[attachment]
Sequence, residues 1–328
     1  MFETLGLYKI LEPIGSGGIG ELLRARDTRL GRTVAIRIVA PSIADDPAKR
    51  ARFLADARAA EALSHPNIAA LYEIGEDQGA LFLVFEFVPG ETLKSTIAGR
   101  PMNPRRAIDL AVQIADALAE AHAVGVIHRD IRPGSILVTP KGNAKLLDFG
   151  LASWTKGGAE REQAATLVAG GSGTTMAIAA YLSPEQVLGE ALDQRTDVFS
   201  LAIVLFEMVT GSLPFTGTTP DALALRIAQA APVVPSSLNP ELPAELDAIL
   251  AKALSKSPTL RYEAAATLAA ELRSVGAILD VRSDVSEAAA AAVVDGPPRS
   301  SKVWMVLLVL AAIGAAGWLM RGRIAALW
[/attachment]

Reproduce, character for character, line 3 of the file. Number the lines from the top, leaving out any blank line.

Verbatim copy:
    51  ARFLADARAA EALSHPNIAA LYEIGEDQGA LFLVFEFVPG ETLKSTIAGR